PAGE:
When did you first open?
Carolyn: “We’ve been here about 35 years.”
Were you always here at 1193 Marine Drive?
Carolyn: “We were up in Uniontown for about a year.”
What’s the most common repair?
Carolyn: “Some vacuums are user friendly and some are a pain to just change the belt.”
How do you diagnose what’s wrong with a vacuum?
Richard: “We plug it in and see. There’s a different smell if it’s electrical or burnt rubber if it’s a belt.
What accounts for a majority of your business repair or sales?
Carolyn: “Repair is probably 75 percent. We used to have more sales, but that was before Costco, Fred Meyer and Home Depot. They each took a chunk.”
How often should people have a tune up for their vacuum?
Carolyn: “There’s no set time, just depends how much use it gets.”
What does a tune up entail?
Carolyn: “We clean it out and put a new belt on, that kind of stuff.”
How long do belts typically last?
Carolyn: “They say you’re supposed to replace them every six months, but most don’t bother until they break.”
Since opening some 35 years ago, how has the industry changed?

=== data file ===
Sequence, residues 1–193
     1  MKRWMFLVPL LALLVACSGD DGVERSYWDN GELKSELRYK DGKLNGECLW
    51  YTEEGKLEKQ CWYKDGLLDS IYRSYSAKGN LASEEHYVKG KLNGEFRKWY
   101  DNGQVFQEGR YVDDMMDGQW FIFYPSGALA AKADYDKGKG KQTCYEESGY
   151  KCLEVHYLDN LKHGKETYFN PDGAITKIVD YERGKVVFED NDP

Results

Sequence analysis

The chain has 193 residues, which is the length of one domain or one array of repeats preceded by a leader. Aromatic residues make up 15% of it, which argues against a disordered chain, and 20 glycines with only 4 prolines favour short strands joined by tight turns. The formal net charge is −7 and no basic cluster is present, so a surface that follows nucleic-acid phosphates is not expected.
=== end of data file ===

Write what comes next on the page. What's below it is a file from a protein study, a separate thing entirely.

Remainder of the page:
Carolyn: “Vacuums are always changing, there’s always something new on the block.”
Are you seeing more robotic vacuums like the Roomba?
Carolyn: “No, we haven’t had any of those in for repair yet.”
Are most people are still using traditional upright vacuums?
Carolyn: “About 75 percent of people still use uprights. The other 25 percent use the canisters.”
What’s the difference between a canister and an upright vacuum? Are there benefits to each?
Carolyn: “It just depends what you need. If you have wall-to-wall carpet, you probably need an upright. If you have more wood floors and area rugs, you can get by with a canister.”
What’s the most common mistake people make with their vacuums?
Carolyn: “They suck up stuff they shouldn’t, like water.”
What’s the most surprising thing you’ve ever pulled out of a vacuum?
Richard: “A mouse.”
What’s the most labor intensive or tedious repair?
Richard: “Changing the bearings.”
Carolyn: “The restaurant and commercial vacuums, because they’re just packed full of grease.”
Is there seasonality to your business?
Carolyn: “Yes, especially around the holidays — everybody clogs their vacuum with pine needles.”
What part do you enjoy the most?
Richard: “Quitting time (Ha-ha).”
Carolyn: “The people. We’ve had a lot of the same customers coming through the years.”
Is there any advice you would offer to new business owners?
Carolyn: “Budget. If you have a month where business is great, don’t run out and buy a bunch of stuff, because the next month may be totally dead.”